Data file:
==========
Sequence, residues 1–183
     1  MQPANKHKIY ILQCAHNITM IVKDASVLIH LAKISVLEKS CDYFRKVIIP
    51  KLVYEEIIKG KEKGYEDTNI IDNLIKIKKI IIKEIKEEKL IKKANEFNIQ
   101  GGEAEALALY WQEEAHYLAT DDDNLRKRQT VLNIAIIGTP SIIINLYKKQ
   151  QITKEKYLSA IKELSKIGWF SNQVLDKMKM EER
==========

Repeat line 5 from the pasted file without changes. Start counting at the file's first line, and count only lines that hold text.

   151  QITKEKYLSA IKELSKIGWF SNQVLDKMKM EER